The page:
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A California town of around 2,700 people was told to prepare to evacuate as a raging wildfire spurred on by dry conditions grew Friday, fire officials said.
The town of San Andreas about 60 miles southeast of Sacramento was told to be prepared to flee if the so-called Butte Fire, which swelled to nearly 65,000 acres Friday, approaches, the California Department of Fire and Forestry Protection said.
The department, also known as Cal Fire, initially said the town was under a mandatory evacuation order, but a short time later lifted the order and asked residents to be prepared.
The fire changed direction after the order was put out, Cal Fire spokesman Daniel Berlant told The Associated Press. "The fire was quickly approaching the community," he said.
California Gov. Jerry Brown declared a state of emergency Friday for Amador and Calaveras counties, where the Butte Fire is located.
Six homes have been destroyed and 6,400 structures are threatened, Cal Fire said.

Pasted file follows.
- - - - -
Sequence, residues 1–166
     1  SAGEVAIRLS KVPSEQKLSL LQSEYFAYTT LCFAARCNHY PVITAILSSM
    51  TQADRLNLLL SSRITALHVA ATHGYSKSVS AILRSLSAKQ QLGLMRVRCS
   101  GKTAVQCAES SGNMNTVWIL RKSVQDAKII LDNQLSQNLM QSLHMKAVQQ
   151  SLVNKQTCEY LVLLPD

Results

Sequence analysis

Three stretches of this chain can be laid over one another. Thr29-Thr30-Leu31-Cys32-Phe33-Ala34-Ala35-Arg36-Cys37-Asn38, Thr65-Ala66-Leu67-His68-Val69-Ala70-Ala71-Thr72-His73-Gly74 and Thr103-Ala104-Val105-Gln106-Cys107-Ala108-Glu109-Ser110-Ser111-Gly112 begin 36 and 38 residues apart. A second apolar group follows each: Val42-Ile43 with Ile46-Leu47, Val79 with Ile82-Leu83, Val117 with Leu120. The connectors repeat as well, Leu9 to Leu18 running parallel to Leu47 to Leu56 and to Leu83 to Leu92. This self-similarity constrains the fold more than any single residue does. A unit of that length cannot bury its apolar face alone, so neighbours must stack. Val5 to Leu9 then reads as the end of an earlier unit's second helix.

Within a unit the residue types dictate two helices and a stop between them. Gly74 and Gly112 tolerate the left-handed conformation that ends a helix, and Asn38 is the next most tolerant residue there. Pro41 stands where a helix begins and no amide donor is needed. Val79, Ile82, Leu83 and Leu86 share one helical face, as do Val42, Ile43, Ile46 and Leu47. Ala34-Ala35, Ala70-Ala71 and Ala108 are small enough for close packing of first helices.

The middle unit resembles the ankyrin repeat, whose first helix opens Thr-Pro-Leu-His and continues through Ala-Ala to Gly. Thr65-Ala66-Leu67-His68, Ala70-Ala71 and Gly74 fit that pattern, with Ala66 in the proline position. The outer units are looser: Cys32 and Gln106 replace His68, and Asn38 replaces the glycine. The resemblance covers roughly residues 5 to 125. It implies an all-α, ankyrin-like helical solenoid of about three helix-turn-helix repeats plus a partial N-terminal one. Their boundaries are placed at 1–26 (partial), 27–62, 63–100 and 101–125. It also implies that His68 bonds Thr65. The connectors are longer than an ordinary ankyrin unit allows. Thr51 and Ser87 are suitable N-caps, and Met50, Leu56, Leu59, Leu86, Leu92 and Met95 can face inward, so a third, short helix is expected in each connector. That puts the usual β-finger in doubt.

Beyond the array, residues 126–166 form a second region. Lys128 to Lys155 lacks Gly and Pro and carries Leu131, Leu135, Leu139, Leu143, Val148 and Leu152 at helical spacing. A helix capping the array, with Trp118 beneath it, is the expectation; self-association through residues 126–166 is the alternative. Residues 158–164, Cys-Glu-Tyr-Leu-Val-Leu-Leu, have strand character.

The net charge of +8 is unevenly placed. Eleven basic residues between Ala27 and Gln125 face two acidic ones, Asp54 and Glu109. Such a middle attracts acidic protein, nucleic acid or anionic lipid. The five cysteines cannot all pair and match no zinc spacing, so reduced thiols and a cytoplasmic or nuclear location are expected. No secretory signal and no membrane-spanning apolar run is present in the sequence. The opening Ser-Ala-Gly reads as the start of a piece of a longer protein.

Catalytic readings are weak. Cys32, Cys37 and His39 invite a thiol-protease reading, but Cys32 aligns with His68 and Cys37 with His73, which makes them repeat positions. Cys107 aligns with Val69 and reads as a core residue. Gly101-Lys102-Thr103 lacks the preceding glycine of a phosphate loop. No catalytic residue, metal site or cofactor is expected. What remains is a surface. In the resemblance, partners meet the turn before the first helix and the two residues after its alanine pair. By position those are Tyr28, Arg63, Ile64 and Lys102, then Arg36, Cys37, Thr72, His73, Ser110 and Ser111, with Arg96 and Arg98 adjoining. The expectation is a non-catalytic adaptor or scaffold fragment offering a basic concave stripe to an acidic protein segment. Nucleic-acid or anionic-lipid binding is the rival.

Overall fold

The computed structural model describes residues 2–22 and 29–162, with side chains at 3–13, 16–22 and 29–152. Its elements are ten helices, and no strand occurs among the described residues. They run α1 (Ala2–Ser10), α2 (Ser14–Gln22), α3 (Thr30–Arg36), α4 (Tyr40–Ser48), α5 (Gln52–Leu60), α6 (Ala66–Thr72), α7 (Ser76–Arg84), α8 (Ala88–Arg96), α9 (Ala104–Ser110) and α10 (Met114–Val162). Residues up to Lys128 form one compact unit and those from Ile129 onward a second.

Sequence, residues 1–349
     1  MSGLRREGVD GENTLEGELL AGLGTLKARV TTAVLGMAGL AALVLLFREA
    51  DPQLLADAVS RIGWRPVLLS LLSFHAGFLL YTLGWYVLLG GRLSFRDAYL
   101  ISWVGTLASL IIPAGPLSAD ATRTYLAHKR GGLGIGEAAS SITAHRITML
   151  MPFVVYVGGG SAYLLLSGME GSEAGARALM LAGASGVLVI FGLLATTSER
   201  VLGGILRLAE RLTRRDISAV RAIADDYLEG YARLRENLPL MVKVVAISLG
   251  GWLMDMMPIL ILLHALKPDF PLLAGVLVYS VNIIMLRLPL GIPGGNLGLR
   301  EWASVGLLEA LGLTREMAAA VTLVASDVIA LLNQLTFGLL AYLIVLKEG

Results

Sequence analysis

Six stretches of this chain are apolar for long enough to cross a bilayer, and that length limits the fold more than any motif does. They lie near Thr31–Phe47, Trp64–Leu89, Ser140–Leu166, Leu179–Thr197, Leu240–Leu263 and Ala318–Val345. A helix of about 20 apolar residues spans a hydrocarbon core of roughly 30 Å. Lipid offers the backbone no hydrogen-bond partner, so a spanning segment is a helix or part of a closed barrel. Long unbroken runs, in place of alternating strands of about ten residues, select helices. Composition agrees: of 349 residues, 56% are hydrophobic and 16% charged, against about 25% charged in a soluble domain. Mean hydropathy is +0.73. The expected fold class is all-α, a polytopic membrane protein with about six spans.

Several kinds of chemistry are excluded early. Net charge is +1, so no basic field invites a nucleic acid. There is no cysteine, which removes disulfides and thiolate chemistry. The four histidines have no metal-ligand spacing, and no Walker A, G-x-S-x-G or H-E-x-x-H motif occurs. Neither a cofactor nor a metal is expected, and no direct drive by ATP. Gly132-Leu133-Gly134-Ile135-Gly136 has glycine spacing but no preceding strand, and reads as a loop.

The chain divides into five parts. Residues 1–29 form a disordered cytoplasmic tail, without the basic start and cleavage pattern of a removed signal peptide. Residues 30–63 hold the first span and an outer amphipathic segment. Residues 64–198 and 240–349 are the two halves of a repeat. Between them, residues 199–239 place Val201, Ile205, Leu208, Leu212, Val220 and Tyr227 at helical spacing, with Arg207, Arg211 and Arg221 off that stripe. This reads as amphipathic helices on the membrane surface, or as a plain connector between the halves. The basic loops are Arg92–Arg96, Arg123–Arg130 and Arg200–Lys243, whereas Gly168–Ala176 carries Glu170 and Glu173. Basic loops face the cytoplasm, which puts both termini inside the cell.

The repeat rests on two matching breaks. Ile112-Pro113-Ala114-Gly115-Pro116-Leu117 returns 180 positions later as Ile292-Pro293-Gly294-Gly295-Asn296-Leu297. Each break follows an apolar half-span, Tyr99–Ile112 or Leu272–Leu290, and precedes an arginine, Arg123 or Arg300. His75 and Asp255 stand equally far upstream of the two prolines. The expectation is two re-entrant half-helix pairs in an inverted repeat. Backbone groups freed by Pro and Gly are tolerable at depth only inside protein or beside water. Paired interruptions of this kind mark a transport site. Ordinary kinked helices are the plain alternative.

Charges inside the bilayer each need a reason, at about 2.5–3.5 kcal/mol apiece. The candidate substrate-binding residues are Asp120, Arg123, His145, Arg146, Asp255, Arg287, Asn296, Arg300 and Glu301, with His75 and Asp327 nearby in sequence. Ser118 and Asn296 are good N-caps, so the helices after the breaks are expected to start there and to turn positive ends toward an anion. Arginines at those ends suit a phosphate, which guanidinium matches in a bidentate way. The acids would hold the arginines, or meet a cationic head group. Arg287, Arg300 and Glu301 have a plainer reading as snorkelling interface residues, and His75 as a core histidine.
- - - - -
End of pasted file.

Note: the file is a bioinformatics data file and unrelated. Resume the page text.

The Butte Fire broke out at 2:26 p.m. Wednesday east of Jackson and quickly spread. It was just over 100 acres Wednesday and grew to more than 14,500 acres by that evening before more than doubling in size to 32,000 acres by Friday morning. The fire was 5 percent contained Friday, Cal Fire said.
The department said Friday that that dry conditions were contributing to "unprecedented fire conditions and growth."
Steep terrain was causing the fire to spread rapidly, as the heat from flames warms areas above the fire and makes it more likely to ignite, Cal Fire Capt. Josh Rubinstein said. The fire was expanding in all directions, but was moving rapidly to the south, he said.
"The topography makes fighting the fire on the ground extremely difficult," Rubinstein said. "We have over 20 aircraft flying from sunup to sundown."
California is in its fourth year of a historic drought, creating dry conditions that make large parts of the state more susceptible to wildfires. High temperatures haven’t helped — much of California was in the midst of a heat wave Friday, and temperatures were in the low 90s in the nearby town of Jackson, according to the National Weather Service.
More than 2,500 firefighters were battling the blaze in Amador and Calaveras counties Friday, and seven air tankers were among the aircraft attacking the fire, Cal Fire said. The department warned of "explosive fire conditions" made worse by steep topography and high temperatures.
Cal Fire Incident Commander Phil Veneris warned anyone near the fire that "if you see smoke or fire approaching your community, evacuate the area immediately."
The cause of the fire is under investigation, Cal Fire said.